Also learn about patient-focused bladder cancer guidelines, a new vaginal ring pessary for pelvic organ prolapse, and more.
Merck and Pfizer recently announced FDA approval of avelumab (BAVENCIO) in combination with axitinib (INLYTA) for the first-line treatment of patients with advanced renal cell carcinoma. The companies say this is the first such approval for an anti-PD-L1 therapy as part of a combination regimen for patients with advanced RCC. The approval was based on positive results from the phase III JAVELIN Renal 101 study (NCT02684006), in which the combination significantly improved median progression-free survival compared with sunitinib (Sutent) by more than 5 months in the intent-to-treat patient population (HR: 0.69 [95% CI: 0.56-0.84]; 2-sided p-value=.0002; median progression-free survival for BAVENCIO/INLYTA combination: 13.8 months [95% CI: 11.1-NE]; sunitinib: 8.4 months [95% CI: 6.9-11.1]). The intent-to-treat population included patients regardless of PD-L1 expression and across International Metastatic Renal Cell Carcinoma Database prognostic risk groups.
NCCN publishes patient-focused bladder cancer guidelines
The National Comprehensive Cancer Network announced the publication of “NCCN Guidelines for Patients: Bladder Cancer.” Created with funding through the NCCN Foundation, the guidelines have been endorsed by the Bladder Cancer Advocacy Network, the American Bladder Cancer Society, and the Urology Care Foundation. The document is based on the evidence and expert consensus from the NCCN Guidelines. The recommendations are determined by a multidisciplinary panel of bladder cancer experts from across the 28 NCCN member institutions. Treatment options are presented in user-friendly terms in the patient guidelines, complete with glossary, illustrations, suggested questions for the provider, and a space to take notes.
For more information, visit www.nccn.org.
New vaginal ring pessary for pelvic organ prolapse available
The FDA has granted approval for ConTIPI Medical Ltd. to market its new product, ProVate, which is designed to treat pelvic organ prolapse in women. The ProVate Device is a vaginal ring pessary that comes ready for use in small dimensions (compacted mode) within a disposable applicator. The applicator allows for a smooth insertion into the vagina. When the plunger of the applicator is depressed, the device becomes fully deployed, restoring its predefined size (deployed mode), and separates from the applicator, which is then removed from the vagina for disposal. Once deployed within the vagina, as with other ring pessaries, the ProVate support distends lateral vaginal walls aside, mechanically prevents cervical/vault descent, and with its central piece, blocks further descent of the anterior/posterior walls within the hollow of the ring, ConTIPI Medical says. The device is provided in six sizes.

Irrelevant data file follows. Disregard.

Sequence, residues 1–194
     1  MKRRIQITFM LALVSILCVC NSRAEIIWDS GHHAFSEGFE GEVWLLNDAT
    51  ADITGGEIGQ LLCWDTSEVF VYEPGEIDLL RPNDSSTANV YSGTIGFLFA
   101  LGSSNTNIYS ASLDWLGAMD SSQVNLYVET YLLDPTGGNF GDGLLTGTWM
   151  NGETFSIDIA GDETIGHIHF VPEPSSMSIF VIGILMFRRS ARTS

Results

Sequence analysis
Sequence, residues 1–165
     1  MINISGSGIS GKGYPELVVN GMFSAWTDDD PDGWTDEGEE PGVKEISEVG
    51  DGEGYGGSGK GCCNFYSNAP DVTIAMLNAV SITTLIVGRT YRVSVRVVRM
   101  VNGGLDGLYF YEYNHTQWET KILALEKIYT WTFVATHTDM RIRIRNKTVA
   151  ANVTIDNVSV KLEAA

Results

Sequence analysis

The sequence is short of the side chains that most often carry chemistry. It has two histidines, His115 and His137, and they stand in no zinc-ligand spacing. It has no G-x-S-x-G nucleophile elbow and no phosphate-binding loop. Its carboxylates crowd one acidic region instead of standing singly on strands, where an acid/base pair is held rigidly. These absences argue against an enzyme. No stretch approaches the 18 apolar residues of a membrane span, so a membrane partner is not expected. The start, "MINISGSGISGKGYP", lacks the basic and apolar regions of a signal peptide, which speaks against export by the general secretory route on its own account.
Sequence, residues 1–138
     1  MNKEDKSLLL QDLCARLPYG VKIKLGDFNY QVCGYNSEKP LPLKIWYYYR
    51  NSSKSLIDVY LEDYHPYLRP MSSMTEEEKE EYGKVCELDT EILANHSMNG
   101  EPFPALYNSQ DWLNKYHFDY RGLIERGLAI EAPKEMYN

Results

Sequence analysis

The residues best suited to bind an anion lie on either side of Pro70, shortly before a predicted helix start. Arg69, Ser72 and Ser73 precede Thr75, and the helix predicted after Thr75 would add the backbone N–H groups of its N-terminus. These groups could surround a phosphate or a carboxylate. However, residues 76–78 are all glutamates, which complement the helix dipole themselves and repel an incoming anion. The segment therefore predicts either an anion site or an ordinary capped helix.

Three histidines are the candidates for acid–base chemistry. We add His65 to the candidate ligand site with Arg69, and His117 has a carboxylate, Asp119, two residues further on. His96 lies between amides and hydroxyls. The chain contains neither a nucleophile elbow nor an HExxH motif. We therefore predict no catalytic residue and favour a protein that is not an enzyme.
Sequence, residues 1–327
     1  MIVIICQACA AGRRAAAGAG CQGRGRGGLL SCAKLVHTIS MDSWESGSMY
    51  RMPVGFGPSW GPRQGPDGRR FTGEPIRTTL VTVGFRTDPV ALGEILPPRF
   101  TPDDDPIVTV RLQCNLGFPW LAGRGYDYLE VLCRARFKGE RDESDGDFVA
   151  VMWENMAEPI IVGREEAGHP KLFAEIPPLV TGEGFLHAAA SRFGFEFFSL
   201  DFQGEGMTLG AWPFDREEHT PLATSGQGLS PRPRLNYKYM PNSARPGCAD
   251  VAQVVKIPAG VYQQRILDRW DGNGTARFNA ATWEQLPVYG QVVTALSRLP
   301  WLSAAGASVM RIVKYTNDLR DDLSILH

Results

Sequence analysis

For more information, visit www.contipi.com.
PatientPoint, Us TOO to partner on prostate Ca patient information
PatientPoint and prostate cancer nonprofit Us TOO International have announced a new partnership to bring a custom blend of actionable prostate cancer education, treatment, and support information to urology exam rooms nationwide. The partnership pairs PatientPoint education with information about Us TOO resources via a newly updated PatientPoint prostate cancer brochure designed exclusively for the exam room. The PatientPoint prostate cancer brochure in which Us TOO resources are featured addresses all phases of the prostate cancer journey, including diagnosis, treatment, side effects, coping, and ongoing care.
For more information, go to www.patientpoint.com.
Melanocortin agonist treats hypoactive sexual desire disorder
The FDA has approved bremelanotide injection (Vyleesi), a melanocortin receptor agonist, to treat acquired, generalized hypoactive sexual desire disorder in premenopausal women. The Vyleesi autoinjector is the first treatment for this patient population that can be self-administered as needed in anticipation of sexual activity, according to manufacturer AMAG Pharmaceuticals, Inc. The FDA approval is based on data from approximately 1,200 women in two pivotal, double-blind placebo controlled phase III trials (RECONNECT). In both clinical trials, bremelanotide injection met the pre-specified co-primary efficacy endpoints of improvement in desire and reductions in distress as measured by validated patient-reported outcome instruments. Upon completion of the trial, women had the option to continue in a voluntary open-label safety extension study for an additional 12 months. Nearly 80% of patients who completed the phase III trials elected to remain in the open-label portion of the study.
For more information, visit www.amagpharma.com.
Next: New combination antibacterial indicated for complicated UTIsNew combination antibacterial indicated for complicated UTIs
The FDA has approved Merck’s imipenem, cilastatin, and relebactam for injection, 1.25 grams (RECARBRIO), a new combination antibacterial. The treatment is indicated in patients 18 years of age and older who have limited or no alternative treatment options for the treatment of complicated urinary tract infections, including pyelonephritis, caused by the following susceptible Gram-negative microorganisms: Enterobacter cloacae, Escherichia coli, Klebsiella aerogenes, Klebsiella pneumoniae, and Pseudomonas aeruginosa. Merck said it anticipates making the treatment available later this year.
For more information, go to www.merck.com.
FDA approves bevacizumab biosimilar; mRCC among indications
The FDA has approved bevacizumab-bvzr (ZIRABEV), a biosimilar to bevacizumab (Avastin), for the treatment of five types of cancer, including metastatic renal cell carcinoma. The approval was based on review of a comprehensive data package that demonstrated biosimilarity of bevacizumab-bvzr to the reference product.
For more information, visit www.pfizer.com.